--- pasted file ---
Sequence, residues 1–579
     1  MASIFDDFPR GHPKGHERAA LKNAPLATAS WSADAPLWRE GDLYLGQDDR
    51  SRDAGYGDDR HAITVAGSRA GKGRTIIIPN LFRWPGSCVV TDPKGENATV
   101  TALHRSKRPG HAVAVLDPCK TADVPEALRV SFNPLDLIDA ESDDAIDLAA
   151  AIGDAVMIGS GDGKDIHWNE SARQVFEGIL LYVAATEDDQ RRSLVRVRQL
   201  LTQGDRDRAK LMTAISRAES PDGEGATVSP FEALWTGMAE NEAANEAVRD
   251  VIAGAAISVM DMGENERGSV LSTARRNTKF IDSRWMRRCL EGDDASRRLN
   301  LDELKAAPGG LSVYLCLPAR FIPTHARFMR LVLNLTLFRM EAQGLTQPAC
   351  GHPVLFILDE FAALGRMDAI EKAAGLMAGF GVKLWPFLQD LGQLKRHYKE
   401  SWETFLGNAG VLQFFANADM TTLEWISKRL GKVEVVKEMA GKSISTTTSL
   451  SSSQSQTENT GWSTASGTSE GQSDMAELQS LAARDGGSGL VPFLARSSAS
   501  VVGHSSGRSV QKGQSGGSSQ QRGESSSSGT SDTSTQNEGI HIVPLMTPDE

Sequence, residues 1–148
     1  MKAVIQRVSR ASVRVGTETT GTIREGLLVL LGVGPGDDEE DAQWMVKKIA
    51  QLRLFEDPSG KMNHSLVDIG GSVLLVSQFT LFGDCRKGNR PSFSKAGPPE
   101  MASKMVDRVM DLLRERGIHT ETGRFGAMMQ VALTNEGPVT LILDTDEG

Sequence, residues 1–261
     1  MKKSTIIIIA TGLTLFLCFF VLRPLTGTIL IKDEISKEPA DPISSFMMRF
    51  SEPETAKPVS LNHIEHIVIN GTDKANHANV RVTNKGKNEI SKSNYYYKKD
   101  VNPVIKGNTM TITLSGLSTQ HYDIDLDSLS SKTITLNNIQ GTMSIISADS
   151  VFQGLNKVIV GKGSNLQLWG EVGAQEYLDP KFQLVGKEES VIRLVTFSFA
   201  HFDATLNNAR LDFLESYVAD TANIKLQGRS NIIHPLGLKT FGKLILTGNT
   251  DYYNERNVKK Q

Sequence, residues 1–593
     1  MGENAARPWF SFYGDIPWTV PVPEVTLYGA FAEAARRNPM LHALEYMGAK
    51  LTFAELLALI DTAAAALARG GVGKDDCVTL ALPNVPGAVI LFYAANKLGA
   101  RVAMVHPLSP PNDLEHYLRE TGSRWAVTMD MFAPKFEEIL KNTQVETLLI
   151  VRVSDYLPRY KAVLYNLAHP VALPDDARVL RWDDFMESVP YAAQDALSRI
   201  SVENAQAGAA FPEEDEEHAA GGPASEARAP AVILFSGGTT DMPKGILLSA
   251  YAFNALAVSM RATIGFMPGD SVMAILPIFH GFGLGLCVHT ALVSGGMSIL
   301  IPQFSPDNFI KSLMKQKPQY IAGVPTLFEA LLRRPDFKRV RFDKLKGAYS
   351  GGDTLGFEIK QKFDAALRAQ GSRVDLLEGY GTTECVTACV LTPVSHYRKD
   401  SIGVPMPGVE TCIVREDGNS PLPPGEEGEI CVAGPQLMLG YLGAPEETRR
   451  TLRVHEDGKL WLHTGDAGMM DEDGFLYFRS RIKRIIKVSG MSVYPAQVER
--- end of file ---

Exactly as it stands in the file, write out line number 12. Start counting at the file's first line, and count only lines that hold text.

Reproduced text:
   501  VVGHSSGRSV QKGQSGGSSQ QRGESSSSGT SDTSTQNEGI HIVPLMTPDE